Most Recent Articles In Fragrance
Latest Fragrance Articles
- Tommy Bahama Launching St. Kitts-Inspired Fragrances
- The Smell Test: Burberry Brit Rhythm Floral for Women
- Bond No. 9 Unveils Scents Inspired by New York’s Bond Street and Dubai
More Articles By
LONDON — L.I.L.Y, Stella McCartney’s latest fragrance — her second major scent — has some very homey inspirations: memories of a loving family and a mélange of countryside aromas.
This story first appeared in the December 9, 2011 issue of WWD. Subscribe Today.
The animal-loving designer, who grew up on a farm in Sussex, England, didn’t name the scent after anyone in particular; she chose the name for reasons far more intimate.
“It comes from my dad’s nickname for my mum: ‘Linda I love you,’” said the designer during the press launch at a cozy room inside Wellington Arch, which overlooks Hyde Park.
“The name is also from the lily of the valley ingredient — I love it as a flower, and so did my mum — it’s delicate, feminine, innocent. It was part of my bridal bouquet. But I also wanted to explore its darker, more masculine side. It’s a woodland flower and I wanted to capture the roots and the earthy side of it,” she said.
The heart notes are lily of the valley, while the base notes are oak moss. The top notes are — unusually — truffle. All are aromas McCartney has long loved.
“You can’t grow moss — you can’t plant it unless it wants to grow,” she said. “I find that quite sexy and sinister, to contrast with the lily of the valley.”
Master perfumer Jacques Cavallier of Firmenich, who worked with McCartney on her signature scent, Stella, and who also developed L.I.L.Y, admitted that McCartney’s choice of truffles was offbeat.
“The truffle was unusual, but I said OK to Stella,” Cavallier said. “We used natural extract of truffle, and I actually told the suppliers we were working with that the extract was for a restaurant! I didn’t want to let people know what we were doing.”
The designer said she loves the smell and taste of truffles, and finds it “sexy” when they arrive at dinner table ready to be shredded on top of scrambled eggs. McCartney quipped that Cavallier should consider himself lucky she didn’t ask for Brussels sprouts or cabbage notes.
McCartney also admitted that she is not a great fragrance aficionado. “I don’t wear a great deal of perfume. I find it too overwhelming. This fragrance is very much about trying to leave the woman who wears it a bit of self-expression. I wanted it very pure and uncomplicated,” she said.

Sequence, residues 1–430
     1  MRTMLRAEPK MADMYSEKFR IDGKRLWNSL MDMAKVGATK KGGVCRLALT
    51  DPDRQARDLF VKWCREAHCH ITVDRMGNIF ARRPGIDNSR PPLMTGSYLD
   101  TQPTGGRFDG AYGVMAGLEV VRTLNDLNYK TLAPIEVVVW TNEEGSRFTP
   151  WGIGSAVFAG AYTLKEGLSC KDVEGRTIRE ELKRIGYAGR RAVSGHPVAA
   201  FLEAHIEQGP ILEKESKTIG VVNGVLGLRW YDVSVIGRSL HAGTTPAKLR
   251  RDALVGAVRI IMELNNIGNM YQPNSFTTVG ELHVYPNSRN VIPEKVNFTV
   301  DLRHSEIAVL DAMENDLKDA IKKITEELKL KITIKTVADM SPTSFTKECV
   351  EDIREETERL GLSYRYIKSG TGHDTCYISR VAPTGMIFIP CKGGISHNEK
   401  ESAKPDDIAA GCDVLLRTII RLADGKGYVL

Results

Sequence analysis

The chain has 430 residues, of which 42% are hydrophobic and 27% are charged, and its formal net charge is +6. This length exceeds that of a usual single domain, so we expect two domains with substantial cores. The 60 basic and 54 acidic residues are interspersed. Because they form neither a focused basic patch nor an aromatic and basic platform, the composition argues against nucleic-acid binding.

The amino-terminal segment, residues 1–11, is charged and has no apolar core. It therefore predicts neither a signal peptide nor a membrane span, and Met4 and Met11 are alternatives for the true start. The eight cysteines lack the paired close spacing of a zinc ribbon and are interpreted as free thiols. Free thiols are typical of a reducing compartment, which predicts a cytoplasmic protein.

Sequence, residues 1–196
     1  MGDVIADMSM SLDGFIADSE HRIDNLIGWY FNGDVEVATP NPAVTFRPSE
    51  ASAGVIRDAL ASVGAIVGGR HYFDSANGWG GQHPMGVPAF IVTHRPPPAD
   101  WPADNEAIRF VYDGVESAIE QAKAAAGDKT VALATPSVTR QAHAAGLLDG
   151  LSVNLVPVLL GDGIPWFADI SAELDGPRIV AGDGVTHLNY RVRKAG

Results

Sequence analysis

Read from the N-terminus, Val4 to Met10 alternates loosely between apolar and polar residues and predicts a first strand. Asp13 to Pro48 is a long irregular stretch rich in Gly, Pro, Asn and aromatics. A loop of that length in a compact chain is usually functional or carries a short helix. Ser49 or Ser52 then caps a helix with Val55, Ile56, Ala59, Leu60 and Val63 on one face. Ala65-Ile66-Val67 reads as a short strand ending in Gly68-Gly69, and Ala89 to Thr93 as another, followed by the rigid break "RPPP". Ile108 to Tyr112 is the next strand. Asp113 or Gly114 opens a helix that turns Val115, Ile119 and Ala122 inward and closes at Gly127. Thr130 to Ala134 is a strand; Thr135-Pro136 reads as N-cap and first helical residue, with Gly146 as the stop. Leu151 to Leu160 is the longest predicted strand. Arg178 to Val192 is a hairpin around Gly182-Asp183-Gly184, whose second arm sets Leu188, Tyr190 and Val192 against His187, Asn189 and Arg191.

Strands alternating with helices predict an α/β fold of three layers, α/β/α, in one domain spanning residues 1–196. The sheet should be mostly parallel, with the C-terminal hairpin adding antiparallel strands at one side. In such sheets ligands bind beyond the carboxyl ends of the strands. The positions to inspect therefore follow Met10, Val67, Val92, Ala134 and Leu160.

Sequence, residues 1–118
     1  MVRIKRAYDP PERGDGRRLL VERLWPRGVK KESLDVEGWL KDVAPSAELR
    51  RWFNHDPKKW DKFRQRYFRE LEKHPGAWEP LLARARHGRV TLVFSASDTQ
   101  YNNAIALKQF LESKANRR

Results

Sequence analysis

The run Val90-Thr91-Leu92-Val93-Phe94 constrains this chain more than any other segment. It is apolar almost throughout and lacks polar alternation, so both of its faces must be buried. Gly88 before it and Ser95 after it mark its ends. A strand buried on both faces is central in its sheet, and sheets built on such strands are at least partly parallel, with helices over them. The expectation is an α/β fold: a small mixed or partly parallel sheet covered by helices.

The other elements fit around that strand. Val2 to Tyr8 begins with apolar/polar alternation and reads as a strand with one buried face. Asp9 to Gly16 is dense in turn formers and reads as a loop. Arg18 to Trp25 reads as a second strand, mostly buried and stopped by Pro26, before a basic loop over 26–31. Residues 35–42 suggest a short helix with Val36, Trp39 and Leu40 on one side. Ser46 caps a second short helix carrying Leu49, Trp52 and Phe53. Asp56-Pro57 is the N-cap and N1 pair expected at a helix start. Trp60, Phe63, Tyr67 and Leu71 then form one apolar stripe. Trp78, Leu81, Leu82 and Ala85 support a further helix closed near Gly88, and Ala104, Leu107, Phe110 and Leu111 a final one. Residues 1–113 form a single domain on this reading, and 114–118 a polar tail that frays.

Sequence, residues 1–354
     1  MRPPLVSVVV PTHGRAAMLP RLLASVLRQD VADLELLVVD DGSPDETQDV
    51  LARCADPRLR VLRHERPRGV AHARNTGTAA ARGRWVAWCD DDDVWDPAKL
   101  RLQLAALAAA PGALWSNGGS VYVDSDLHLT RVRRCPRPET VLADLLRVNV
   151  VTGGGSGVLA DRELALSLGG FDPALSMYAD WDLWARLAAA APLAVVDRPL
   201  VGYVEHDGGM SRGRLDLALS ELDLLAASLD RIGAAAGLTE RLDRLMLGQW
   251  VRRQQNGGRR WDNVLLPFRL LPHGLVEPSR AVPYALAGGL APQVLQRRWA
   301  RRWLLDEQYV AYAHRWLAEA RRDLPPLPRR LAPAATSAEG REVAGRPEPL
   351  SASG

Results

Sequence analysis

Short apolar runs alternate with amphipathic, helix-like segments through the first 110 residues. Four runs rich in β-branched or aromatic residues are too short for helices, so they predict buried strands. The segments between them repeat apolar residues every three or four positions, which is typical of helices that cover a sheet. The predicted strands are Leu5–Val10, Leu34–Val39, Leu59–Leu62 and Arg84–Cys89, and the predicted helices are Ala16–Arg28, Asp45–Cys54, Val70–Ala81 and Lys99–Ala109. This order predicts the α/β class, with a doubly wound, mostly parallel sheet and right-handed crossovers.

McCartney added that, for her, the scent evokes: “A girl becoming a woman. It’s an early spring morning, crisp air on the flesh — and discovery.”
L.I.L.Y, an eau de parfum that was three years in the making, is the designer’s second major women’s fragrance. While the company declined to break out sales projections, industry sources estimate that the fragrance has a retail sales target of more than 20 million euros, or $26.8 million at current exchange, on a global basis during its first year on counter. McCartney’s licensee, L’Oréal, which produces and distributes her fragrances, will launch L.I.L.Y in the U.K. exclusively at Selfridges on Jan. 26 and roll it out to other retailers in the market on Feb. 15.
The scent will begin selling worldwide in March, and is set to launch in the U.S. in the second half of 2012. The fragrance will be launched in September throughout the 280-store Sephora chain in the U.S., according to Marc Rey, president of international designer collections at L’Oréal USA. He added that her first fragrance “resonated well with young women in this country. After the initial Sephora rollout, specialty store distribution will be explored, Rey said.
A body lotion and shower gel will be available alongside the fragrance.
Prices are: $25 for a 10-ml. roller ball; $60 for a 30-ml. eau de parfum; $80 for a 50-ml. size, and $100 for the 75-ml. variety.
Like the scent, the bottle — which has an Art Deco feel — is a mix of light and dark, feminine and masculine.
McCartney said the English cut crystal bottle reminds her of the sort of vases and tableware one would find at home, while the metallic frame lends a sharper and more masculine edge.
She said she finds the metal frame “architectural, like contemporary furniture.” The Stella McCartney logo appears discreetly on the side: “I was intent on not having in-your-face branding,” she said.
Ads will break in the February issues of U.K. glossies such as Vogue, Grazia, Glamour, InStyle and Harper’s Bazaar. Some of the spreads will include scent seals.
The campaign was shot in Kent, England, by David Sims. The details of the photograph — the lush, verdant greenness of the countryside in the background and the fresh-faced, natural look of the model — were meant to convey a feeling in keeping with the sweet and sexy nature of the fragrance. The ad stars the 34-year-old Polish model Malgosia Bela, whom McCartney chose for her maturity.
“I wanted someone who was not 14, and you can see she’s wearing hardly any makeup. You can see her freckles and skin,” said McCartney. “So many fragrances are ‘girl girly’ or ‘sexy sexy,’ I really wanted this one to be in the middle ground, aspiring and desirable.”